What do measurements of molecular biomarkers in different body fluids really tell us?
© BioMed Central Ltd 2011
Published: 27 April 2011
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© BioMed Central Ltd 2011
Published: 27 April 2011
Molecular or biochemical biomarkers of joint metabolism offer promise in helping us understand joint pathology, its detection and treatment. But they have often been studied alone and in only one body fluid. Although the synovial joint is usually the focus of most arthritis pathology, it is often difficult, for a variety of reasons, to obtain synovial fluid that should best reflect changes in biomarkers related to pathology. It is therefore very important to see whether analyses of more readily obtainable sera and urine also reflect changes in synovial fluid. Catterall and colleagues, in a paper in Arthritis Research & Therapy that examines very early biomarker changes following joint injury, provide us with some insights into these important questions. As the study was very small and examined very early changes following joint injury, prior to onset of any recognisable pathology, we look forward to future larger biomarker studies of this kind in patients with clinically defined arthritic changes to which we can relate biomarker data.
The ability to accurately monitor changes in joint metabolism in vivo that may lead to and predict, at a much later date, onset of structural pathology detected by imaging is an important challenge for osteoarthritis (OA) biomarker research. A recent study has examined very early molecular biomarker changes in synovial fluid (SF), sera and urine following anterior cruciate ligament rupture . This damage often leads, many years later, to the onset of OA. In animals, such an injury can result in OA onset within weeks . As the joint is considered the focus of the pathology, it is important to determine whether analyses of more accessible body fluids (urine and serum) reflect biomarker changes in OA joints. SF, serum and urine samples were taken from 11 patients on two consecutive occasions approximately 15 and 47 days after rupture. Twenty-one different biomarkers were analysed but seven were restricted to SF measures only. Previously, most biomarker studies - with some exceptions  - examined one or two biomarkers of special interest and availability, often in only one body fluid. The study of Catterall and colleagues is therefore helpful in that it sought to gain a broader picture of biomarker changes and their interrelationships between fluids .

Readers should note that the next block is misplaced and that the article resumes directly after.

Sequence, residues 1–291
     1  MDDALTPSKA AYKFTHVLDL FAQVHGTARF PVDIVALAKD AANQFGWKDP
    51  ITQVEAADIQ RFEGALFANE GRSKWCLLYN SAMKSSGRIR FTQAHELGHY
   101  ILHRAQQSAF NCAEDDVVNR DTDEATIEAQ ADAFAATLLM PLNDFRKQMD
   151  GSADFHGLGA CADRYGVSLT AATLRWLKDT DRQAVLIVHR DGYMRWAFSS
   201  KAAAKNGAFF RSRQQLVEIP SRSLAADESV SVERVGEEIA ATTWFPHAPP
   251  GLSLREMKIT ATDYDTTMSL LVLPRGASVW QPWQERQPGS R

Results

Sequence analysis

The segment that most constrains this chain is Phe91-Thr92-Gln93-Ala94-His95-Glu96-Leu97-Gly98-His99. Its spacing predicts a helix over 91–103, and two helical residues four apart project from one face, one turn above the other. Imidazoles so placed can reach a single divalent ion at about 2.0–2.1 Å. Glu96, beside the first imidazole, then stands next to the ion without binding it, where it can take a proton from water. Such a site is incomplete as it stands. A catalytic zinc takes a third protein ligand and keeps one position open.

The declines in SF proteoglycan glycosaminoglycan and aggrecan cleavage neoepitope contents contrasted with an increase in biomarkers of type I collagen degradation, namely CTx1, NTx, C1, 2C (the latter also detects type II collagen cleavage), and the cartilage type II collagen cleavage biomarker CTxII, now known to be mainly generated by type II cleavage in calcified cartilage . But the authors' claims that these proteoglycan and collagen changes reflect what is seen in vitro when cartilage degradation is stimulated  are debateable, particularly since the most significant collagen changes involved mainly type I collagen. One must also question the conclusion that these biomarkers 'demonstrated that there is significant and measurable cartilage and bone damage after acute knee injury'. No such changes were shown clinically.